Have you ever had someone comment to you how “well-behaved” your baby is? If not, don’t worry, just read on.
This compliment reflects a pervasive Western misconception about how babies function. Have you ever met an under-one-year-old who understood what society expected of him and adjusted his behavior to accomodate those expectations? I haven’t.
I was among the lucky parents who was approached by strangers who commented on my baby’s “good behavior” (as opposed to those parents who received seething glares from fellow diners at a restaurant – although, believe me, we got those, too). But I deflected every compliment with a comment on my baby’s state of mind, like, “her tummy’s full and she’s satisfied” or “she’s well-rested.”
Every parent who’s been there knows that it’s impossible to control your baby’s behavior. The best effort we can make to ensure that our baby reflects the contentment and joy we associate with “good” behavior is to anticipate and meet his needs, as well as we can.
My baby was “well-behaved” because her needs were met. She had trouble sleeping alone, so I cuddled her to sleep. She often wanted to nurse, and I met her requests as quickly as possible. She preferred being held to sitting in a carseat, so we carried her in arms or in an ergo most of her first year and well into her second.
Was my baby responsible for regulating her internal state to please strangers in restaurants and supermarkets? No. Her parents were. And believe me, we weren’t thinking about those strangers when we were doing it.
We didn’t do a perfect job, if such a thing exists, but we did the best we could. And she let us know instantly how well we were doing. And so, I guess, did all those strangers.
5 thoughts on “Why babies don’t “behave””
So e things just smack me in the face and make me wonder why I didn’t realize them before! This (babies don’t behave) is going to join ‘he’s not doing it TO YOU’ as my mantras when the going gets a little difficult.
Long before I ever heard of Attachment Parenting I read Desmond Morris’s book ‘Babywatching’ and it showed me, just as your article does, how babies ‘just are’. Even children don’t ‘behave’, they’re problem solving: http://ritesforgirls.com/bad-behaviour-is-solving-a-problem/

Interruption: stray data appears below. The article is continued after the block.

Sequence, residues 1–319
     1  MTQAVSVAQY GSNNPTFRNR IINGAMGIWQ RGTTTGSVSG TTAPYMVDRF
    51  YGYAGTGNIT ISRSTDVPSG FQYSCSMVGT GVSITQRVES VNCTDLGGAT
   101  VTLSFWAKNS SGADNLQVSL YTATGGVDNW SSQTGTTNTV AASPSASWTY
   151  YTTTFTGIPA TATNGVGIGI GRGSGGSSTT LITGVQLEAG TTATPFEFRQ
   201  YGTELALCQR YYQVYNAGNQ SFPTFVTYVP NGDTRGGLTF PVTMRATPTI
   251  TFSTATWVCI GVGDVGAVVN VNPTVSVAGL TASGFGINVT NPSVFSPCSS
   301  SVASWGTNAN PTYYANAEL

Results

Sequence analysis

Great advice! I would like to add proper discipline. As parents, it is important to make sure that our baby is aware of what we don’t want them to do (at least for the small things like shouting), but we should also make sure to tell them or make them realize that in a nice way.
Jane, I agree that it’s helpful to communicate our expectations to our babies. It’s important to realize, though, that they are just babies and they have a huge learning curve so just because we told them we’d like quiet doesn’t mean they’re capable of delivering on our request. I also try to stay away from the word discipline, which at least in my mind implies punishment for “bad” behavior, and instead focus on educating children with compassion, patience and love.
I think you are absolutely right. It’s so hard not to feel under pressure when you are out or with others and your baby starts crying. Particularly when others give you unhelpful looks or advice. Just remember you are the one who knows your baby’s communications better than anyone. Take a deep breath and ask yourself “what is s/he trying to tell me?”
there is no such thing as a badly behaved baby, just one who is trying to tell you something